The U.S. Fish and Wildlife Service launched a major new campaign on Feb. 9 aimed at saving the declining monarch butterfly. The service signed a cooperative agreement with the National Wildlife Federation, announced a major new funding initiative with the National Fish and Wildlife Foundation and pledged an additional $2 million in immediate funding for on-the-ground conservation projects around the country.
While monarchs are found across the U.S. — as recently as 1996 numbering some 1 billion — their numbers have declined by approximately 90 percent in recent years, a result of numerous threats, particularly loss of habitat due to agricultural practices, development and cropland conversion. Degradation of wintering habitat in Mexico and California has also had a negative impact on the species.
To directly tackle these challenges, the new cooperative effort will build a network of diverse conservation partners and stakeholders to protect and restore important monarch habitat, while also reaching out to Americans of all ages who can play a central role.
The memorandum of understanding between NWF and the U.S. Fish and Wildlife Service will serve as a catalyst for national collaboration on monarch conservation, particularly in planting native milkweed and nectar plants, the primary food sources in breeding and migration habitats for the butterfly.
“If we all work together — individuals, communities, farmers, land managers, and local, state, and federal agencies — we can ensure that every American child has a chance to experience amazing monarchs in their backyards,” said NWF president and CEO Collin O’Mara. “By taking action today and addressing the growing threats that are affecting so much of America’s treasured wildlife — habitat loss, pesticide overuse and climate change — we will preserve monarchs and America’s rich wildlife legacy. The National Wildlife Federation and our state affiliates are proud to stand with the Fish and Wildlife Service, the National Fish and Wildlife Foundation, and other key partners on the front lines of action.”
The new NFWF Monarch Conservation Fund was kick-started by an injection of $1.2 million from the U.S. Fish and Wildlife Service that will be matched by other private and public donors. The fund will provide the first dedicated source of funding for projects working to conserve monarchs.
“The National Fish and Wildlife Foundation has a long track record of partnering with the U.S. Fish and Wildlife Service to develop successful private landowner-focused conservation grant programs,” said NFWF director and CEO Jeff Trandahl. “We look forward to working closely with the Service as we establish the Monarch Butterfly Conservation Fund, which will serve as a key component of the effort to revitalize monarch butterfly populations and the important native plant species on which they depend.”
From California to the Corn Belt, the Service will also fund numerous conservation projects totaling $2 million this year to restore and enhance more than 200,000 acres of habitat for monarchs while also supporting over 750 schoolyard habitats and pollinator gardens. Many of the projects will focus on the I-35 corridor from Texas to Minnesota, areas that provide important spring and summer breeding habitats in the eastern population’s central flyway.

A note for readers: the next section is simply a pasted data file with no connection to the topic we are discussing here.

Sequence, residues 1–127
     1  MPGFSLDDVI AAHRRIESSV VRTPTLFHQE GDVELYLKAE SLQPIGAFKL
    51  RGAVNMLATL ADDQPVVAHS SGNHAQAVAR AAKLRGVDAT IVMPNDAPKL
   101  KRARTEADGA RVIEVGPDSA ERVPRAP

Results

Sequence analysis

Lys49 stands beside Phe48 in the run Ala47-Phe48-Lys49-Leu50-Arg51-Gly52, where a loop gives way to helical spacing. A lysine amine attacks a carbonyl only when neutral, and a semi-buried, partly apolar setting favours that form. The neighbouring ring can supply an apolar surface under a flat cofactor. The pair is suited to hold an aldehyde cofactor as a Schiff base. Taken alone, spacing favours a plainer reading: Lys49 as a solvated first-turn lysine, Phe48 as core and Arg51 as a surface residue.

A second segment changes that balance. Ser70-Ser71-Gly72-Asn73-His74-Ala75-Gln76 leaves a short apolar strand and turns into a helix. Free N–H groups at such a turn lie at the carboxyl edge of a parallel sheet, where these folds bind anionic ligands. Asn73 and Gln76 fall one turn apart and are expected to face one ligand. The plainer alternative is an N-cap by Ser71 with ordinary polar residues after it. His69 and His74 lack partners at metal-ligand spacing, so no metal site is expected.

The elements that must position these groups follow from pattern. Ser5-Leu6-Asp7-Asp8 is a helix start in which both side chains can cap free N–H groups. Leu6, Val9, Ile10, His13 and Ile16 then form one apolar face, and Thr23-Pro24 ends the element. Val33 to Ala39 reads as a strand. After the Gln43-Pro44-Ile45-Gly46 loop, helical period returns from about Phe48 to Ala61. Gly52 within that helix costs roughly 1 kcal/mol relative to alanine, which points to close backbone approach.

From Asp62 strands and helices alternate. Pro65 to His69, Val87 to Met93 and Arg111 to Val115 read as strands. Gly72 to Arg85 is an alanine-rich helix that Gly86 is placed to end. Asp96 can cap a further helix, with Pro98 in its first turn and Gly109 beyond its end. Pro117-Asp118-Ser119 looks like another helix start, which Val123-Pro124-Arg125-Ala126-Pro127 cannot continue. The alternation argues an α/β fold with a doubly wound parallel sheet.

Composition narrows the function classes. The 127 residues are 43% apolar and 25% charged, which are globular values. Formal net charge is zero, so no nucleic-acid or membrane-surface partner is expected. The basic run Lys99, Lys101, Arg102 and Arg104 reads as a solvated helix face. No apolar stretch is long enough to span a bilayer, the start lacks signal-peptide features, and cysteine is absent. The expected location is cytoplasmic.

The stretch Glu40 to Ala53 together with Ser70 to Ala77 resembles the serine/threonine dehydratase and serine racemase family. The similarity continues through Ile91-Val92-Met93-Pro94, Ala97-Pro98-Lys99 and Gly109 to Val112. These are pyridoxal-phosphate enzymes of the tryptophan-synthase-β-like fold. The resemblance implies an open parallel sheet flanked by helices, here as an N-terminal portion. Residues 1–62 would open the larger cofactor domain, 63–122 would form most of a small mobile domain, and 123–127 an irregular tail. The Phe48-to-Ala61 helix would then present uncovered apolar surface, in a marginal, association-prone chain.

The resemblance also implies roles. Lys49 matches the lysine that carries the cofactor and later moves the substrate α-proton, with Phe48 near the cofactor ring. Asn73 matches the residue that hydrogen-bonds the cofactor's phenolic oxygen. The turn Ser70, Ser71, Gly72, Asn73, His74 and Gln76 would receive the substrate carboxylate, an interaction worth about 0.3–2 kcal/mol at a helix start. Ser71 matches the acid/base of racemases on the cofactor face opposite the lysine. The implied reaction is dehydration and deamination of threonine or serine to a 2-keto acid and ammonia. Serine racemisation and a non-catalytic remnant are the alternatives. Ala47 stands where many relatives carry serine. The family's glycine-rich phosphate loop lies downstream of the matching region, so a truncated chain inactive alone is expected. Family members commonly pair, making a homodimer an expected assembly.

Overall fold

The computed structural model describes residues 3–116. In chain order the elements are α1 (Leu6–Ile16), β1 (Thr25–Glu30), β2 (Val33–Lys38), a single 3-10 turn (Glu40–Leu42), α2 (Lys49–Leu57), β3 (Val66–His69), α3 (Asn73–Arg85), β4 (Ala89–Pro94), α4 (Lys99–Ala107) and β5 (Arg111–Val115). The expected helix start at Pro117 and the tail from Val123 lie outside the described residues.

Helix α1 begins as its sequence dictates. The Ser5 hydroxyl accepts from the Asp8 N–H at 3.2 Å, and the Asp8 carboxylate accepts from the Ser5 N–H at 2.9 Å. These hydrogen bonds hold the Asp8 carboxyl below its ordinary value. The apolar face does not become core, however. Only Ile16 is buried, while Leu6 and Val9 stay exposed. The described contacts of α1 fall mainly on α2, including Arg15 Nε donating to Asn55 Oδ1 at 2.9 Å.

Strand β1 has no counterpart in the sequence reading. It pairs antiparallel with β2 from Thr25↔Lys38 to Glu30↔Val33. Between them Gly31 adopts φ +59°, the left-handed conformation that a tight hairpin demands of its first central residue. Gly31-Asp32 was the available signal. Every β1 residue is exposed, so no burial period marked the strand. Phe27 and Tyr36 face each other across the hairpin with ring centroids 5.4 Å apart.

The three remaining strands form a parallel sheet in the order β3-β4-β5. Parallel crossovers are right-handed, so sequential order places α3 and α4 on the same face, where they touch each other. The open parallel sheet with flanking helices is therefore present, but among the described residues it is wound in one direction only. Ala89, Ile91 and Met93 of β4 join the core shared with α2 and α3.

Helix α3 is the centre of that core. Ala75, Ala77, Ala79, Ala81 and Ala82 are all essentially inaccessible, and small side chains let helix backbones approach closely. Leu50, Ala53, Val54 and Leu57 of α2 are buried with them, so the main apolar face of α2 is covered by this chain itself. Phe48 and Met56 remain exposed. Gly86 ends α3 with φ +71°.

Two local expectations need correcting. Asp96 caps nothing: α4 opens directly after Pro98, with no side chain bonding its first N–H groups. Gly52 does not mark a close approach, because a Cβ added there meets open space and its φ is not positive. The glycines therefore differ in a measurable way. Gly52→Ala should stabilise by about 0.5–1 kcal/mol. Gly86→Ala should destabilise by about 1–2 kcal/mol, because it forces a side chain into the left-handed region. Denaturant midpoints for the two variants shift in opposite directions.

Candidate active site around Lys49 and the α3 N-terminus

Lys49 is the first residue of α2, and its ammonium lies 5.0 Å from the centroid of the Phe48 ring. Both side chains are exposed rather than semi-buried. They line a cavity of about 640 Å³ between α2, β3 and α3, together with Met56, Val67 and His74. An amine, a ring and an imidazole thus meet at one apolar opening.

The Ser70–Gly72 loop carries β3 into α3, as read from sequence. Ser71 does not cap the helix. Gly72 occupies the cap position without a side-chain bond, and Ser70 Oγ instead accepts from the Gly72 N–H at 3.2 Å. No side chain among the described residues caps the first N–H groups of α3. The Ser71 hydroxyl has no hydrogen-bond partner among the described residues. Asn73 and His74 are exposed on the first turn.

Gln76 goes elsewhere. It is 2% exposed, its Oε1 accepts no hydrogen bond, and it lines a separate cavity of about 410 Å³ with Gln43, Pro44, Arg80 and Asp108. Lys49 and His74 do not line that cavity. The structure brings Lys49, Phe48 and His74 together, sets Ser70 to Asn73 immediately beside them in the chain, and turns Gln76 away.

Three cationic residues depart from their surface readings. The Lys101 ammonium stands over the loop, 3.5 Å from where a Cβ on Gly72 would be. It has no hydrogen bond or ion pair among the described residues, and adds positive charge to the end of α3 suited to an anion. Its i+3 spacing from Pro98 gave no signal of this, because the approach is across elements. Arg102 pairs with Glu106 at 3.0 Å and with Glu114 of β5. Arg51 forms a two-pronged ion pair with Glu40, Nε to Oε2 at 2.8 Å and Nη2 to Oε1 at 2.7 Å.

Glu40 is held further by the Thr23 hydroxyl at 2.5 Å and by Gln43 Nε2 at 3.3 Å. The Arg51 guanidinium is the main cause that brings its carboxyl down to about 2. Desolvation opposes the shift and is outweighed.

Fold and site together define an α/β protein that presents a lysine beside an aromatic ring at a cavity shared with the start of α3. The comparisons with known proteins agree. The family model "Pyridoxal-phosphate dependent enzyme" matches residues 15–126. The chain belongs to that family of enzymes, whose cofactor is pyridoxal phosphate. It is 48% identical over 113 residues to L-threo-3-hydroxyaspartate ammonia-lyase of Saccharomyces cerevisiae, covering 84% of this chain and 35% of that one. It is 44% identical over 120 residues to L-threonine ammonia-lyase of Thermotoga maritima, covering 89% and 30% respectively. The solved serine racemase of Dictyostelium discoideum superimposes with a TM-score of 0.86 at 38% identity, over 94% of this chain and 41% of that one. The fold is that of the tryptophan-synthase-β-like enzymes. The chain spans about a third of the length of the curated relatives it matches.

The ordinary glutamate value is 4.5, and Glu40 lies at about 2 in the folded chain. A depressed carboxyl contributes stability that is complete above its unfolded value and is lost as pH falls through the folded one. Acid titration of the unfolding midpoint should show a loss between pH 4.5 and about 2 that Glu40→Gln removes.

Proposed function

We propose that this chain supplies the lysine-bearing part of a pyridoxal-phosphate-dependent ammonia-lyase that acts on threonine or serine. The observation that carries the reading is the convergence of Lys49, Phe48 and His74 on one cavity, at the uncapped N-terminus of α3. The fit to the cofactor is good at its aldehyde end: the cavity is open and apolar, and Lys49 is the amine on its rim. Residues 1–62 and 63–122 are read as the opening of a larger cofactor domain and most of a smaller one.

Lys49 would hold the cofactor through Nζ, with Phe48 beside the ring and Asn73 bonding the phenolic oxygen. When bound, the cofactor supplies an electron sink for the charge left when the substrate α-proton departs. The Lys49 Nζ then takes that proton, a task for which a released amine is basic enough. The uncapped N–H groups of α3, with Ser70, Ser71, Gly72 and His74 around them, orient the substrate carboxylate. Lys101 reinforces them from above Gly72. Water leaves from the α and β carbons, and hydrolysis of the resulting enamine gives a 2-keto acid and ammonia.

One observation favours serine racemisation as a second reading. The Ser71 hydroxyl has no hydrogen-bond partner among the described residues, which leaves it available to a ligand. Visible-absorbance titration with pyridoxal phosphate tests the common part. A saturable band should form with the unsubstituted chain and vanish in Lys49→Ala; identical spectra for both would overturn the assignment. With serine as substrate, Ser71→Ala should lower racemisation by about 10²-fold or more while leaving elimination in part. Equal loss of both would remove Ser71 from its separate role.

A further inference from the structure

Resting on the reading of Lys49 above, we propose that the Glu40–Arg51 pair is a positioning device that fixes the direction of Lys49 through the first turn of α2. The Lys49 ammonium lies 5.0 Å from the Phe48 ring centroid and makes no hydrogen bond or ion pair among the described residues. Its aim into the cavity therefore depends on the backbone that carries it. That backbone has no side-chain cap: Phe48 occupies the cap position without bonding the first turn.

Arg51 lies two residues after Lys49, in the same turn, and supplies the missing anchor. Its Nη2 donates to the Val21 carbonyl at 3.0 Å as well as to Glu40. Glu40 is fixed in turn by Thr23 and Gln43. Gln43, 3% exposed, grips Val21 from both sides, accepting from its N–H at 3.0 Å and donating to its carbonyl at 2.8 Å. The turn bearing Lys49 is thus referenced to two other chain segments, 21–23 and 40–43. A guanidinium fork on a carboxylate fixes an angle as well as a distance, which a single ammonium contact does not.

“These projects will not only help us leverage expertise and resources for engaging critical partners on restoring the monarch,” said U.S. Fish and Wildlife Service director Dan Ashe. “We will also reach out to millions of Americans on both the challenge involved and how they can help. Together, we will make sure that the monarch continues to be a welcome sight across America.”
The monarch is perhaps the best-known butterfly species in the United States. Every year they undertake one of the world’s most remarkable migrations, traveling thousands of miles over many generations from Mexico, across the United States, to Canada.
The monarch’s exclusive larval host plant and a critical food source is native milkweed, which has been eradicated or severely degraded in many areas across the United States in recent years. The accelerated conversion of the continent’s native short and tallgrass prairie habitat to crop production has also had an adverse impact on the monarch.
Spectacular as it is, protecting the monarch is not just about saving one species. The monarch serves as an indicator of the health of pollinators and the American landscape. Monarch declines are symptomatic of environmental problems that pose risks to our food supply, the spectacular natural places that help define our national identity, and our own health. Conserving and connecting habitat for monarchs will benefit other plants, animals and important insect and avian pollinators.
The U.S. Fish and Wildlife Service’s public engagement effort includes a monarch website (http://www.fws.gov/savethemonarch) with details and photos on the monarch’s plight, information on how Americans can get involved and direct outreach to schools and communities. Since agriculture also plays a key role in the monarch’s survival, our partnership efforts will engage farmers and landowners on management practices that will protect and restore habitat.